In his first appearance as RacingNews365’s expert columnist, former Formula 1 team principal Paul Stoddart explains why he thinks Red Bull will ‘walk’ the championships, gives his verdict on Mercedes’ plight, and predicts that there will be more to come from Aston Martin.
Game over after Red Bull’s sterling start?
Max is in a class of his own, and he's got the confidence. Winning that world championship in 2021, in the most difficult of circumstances throughout the year – and I'm not just talking about the last race – he came out of that as an absolute champion. He carried it into 2022, he had the DNFs at the start, he had the car problems, but he just had consistency and confidence.
I met him in the middle of last year when he drove our two-seater cars, and he's just got everything it takes. He’s in a really good place, the team is in a really good place, and I think he'll just walk the championship.
The track surface is very different for the next race in Saudi Arabia, and then you’ve got Melbourne, which is a very fast track. I think by the time we finish the race in Melbourne we will know the running order for certain, but the early signs are certainly looking to be in Red Bull’s favour. Don't forget that the aero cost cap penalties are not going to affect them yet, this car was built last year when they didn't have any aero penalties!
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Then at the other end of the scale you've got the teams that are struggling. McLaren are in deep, deep trouble, and are Ferrari going to really have reliability problems again this year? It certainly looks like it.
Obviously the other one that's in deep trouble seems to be Mercedes. I wouldn't really want to be Toto Wolff at the moment!
Mercedes are in trouble because the design direction of their car seems to be wrong, and if they're going to change that, then they're going to come up against the budget cap. Gone are the days when they could just spend their way out of things. It’s going to be a lot harder now.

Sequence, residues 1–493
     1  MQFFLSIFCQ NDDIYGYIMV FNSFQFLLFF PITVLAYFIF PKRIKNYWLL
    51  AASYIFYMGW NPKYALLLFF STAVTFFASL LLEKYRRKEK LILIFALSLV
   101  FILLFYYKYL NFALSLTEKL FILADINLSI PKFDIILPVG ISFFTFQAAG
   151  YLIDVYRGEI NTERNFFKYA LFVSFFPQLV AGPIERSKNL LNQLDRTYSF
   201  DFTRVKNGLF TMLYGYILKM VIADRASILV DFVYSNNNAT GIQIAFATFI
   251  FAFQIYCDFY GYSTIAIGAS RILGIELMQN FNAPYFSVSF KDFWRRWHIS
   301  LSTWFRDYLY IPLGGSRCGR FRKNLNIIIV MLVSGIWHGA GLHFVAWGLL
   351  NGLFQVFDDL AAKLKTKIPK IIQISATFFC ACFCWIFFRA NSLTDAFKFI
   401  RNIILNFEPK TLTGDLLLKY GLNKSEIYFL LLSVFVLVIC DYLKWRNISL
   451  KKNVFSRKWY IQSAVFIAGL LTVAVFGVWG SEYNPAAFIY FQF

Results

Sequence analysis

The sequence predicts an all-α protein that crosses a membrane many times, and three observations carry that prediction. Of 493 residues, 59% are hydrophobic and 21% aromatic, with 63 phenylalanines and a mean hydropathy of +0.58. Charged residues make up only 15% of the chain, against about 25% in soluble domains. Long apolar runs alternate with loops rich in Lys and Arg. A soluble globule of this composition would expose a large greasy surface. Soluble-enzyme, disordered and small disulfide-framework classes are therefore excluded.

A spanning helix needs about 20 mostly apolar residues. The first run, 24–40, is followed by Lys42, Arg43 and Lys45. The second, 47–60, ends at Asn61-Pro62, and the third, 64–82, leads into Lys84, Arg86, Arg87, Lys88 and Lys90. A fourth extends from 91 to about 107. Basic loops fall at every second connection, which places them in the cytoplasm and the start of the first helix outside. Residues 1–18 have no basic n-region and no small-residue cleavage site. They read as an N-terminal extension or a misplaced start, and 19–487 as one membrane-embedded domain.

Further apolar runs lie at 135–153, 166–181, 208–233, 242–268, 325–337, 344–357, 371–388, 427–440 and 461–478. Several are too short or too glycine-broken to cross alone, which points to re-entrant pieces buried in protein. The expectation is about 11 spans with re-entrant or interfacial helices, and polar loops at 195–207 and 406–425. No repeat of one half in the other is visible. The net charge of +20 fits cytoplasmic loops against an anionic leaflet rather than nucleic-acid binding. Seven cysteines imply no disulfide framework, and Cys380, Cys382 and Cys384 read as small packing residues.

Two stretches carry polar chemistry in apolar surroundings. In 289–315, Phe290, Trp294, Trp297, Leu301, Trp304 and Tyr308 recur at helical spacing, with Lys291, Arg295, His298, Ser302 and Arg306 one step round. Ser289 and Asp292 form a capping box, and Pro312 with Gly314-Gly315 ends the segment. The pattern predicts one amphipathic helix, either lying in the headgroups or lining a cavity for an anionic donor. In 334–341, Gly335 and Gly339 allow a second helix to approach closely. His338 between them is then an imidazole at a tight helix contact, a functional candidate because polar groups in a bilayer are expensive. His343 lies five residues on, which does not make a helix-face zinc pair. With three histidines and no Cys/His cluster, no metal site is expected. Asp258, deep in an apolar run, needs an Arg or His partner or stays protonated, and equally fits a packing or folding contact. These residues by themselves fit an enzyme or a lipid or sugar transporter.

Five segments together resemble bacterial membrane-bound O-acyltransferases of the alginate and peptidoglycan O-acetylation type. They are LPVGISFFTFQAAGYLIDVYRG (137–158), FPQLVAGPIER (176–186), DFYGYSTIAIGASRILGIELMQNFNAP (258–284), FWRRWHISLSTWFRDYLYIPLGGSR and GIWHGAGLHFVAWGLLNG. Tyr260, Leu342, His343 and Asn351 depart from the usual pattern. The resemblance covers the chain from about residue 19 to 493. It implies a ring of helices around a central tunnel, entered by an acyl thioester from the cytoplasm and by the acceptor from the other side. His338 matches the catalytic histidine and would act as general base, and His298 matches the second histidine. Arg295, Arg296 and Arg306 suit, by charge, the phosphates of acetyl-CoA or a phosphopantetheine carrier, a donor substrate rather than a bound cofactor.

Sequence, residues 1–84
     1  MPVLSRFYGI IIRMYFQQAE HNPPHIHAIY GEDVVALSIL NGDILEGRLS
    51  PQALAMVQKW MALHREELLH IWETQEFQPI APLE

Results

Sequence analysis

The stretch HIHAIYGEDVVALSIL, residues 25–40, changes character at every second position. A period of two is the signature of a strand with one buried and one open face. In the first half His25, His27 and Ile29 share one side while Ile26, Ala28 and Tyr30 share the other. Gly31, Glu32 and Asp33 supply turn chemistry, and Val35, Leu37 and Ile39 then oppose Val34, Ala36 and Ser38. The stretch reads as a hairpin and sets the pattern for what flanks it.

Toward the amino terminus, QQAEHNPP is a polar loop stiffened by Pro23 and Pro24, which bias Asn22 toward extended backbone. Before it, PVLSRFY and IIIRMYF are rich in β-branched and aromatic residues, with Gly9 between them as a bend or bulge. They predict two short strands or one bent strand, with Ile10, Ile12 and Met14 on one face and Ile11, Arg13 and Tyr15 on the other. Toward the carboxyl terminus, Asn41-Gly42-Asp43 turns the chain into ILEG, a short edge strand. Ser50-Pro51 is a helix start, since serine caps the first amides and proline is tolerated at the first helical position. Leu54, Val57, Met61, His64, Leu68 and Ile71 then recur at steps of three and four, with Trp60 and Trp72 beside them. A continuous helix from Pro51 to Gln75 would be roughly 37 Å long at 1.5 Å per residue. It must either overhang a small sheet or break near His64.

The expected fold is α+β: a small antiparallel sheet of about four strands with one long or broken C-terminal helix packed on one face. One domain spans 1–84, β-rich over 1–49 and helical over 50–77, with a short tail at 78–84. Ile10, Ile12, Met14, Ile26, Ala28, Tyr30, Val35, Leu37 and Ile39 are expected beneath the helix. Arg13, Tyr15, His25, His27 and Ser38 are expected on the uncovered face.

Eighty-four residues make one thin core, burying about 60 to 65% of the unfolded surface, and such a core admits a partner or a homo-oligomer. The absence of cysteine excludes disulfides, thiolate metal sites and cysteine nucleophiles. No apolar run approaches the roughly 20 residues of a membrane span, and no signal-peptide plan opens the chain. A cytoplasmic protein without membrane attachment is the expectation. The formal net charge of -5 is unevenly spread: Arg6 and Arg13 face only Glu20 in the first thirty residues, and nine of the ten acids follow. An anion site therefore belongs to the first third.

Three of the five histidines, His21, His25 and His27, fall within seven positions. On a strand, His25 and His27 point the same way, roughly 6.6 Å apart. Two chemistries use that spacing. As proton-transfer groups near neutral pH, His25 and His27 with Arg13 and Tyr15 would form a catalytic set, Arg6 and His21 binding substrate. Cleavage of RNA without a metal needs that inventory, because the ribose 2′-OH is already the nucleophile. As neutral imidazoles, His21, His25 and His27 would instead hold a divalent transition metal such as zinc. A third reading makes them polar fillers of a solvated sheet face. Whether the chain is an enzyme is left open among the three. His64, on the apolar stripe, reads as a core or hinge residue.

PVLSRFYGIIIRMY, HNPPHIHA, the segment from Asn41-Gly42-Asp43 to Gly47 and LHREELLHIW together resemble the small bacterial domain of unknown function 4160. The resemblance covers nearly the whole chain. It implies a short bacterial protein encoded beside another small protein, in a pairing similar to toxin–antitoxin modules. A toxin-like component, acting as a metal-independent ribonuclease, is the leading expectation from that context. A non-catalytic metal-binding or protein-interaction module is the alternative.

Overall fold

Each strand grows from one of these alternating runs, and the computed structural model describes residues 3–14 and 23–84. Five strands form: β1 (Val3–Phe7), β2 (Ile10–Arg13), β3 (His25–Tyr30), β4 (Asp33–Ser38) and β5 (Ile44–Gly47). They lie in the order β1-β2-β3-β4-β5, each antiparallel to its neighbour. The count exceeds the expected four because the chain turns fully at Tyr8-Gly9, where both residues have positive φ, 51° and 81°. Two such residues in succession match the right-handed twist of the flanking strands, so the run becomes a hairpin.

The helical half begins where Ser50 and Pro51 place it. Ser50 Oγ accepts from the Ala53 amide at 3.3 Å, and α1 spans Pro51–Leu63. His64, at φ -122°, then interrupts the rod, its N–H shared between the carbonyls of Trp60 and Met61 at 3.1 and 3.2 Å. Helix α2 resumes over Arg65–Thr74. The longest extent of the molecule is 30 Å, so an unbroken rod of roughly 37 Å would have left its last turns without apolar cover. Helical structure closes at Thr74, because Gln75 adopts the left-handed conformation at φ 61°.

For teams that are used to spending half-a-billion dollars a year to drop to $140m is a serious setback. If you want to take a car that's just not performing and go back to the factory guys and say ‘guys, this is not working, let's have Plan B’, well gone are the days when you could just parallel design a completely new chassis, or a new aero package, and just buy your way out of it.
You can make your gains, but it's at the expense of something else. So, I think Mercedes are in real trouble. Despite it being only race one, I don't know how they’re going to get their way out of this one.
Aston Martin can replicate Red Bull’s template for success
I’m so proud of Fernando, and I’m so happy for him because he really deserves a front-running team. He should have been a four-time World Champion. He should have won two more championships, if it wasn't for things that just didn't go his way.
Certainly, Fernando's the right person to be driving that car. He'll lead that team, and the work, the effort and, most importantly, the money is all there.
Lawrence Stroll’s ability to be able to fund and build a world championship team is there, because obviously the budget cap counts only on the car, but it doesn't count when you're building new wind tunnels, new factories, and things like that. I think this result is an early sign of things to come.
It reminds me very much of Red Bull in 2004, when they took over Jaguar. It’s very much the same sort of thing: They took over the Milton Keynes-based team, which had a couple of hundred people in workforce, built it up and built it up and, years later, we're talking about a World Championship-winning team. I can easily see Aston going the same way.
They’ve got somebody behind the team that is passionate, the same way Dietrich Mateschitz was with Red Bull, and able to fund it, as is the case again with Red Bull.
He'll certainly prove his worth, and I think you will see them as the second fastest team or the third fastest team fighting with Ferrari.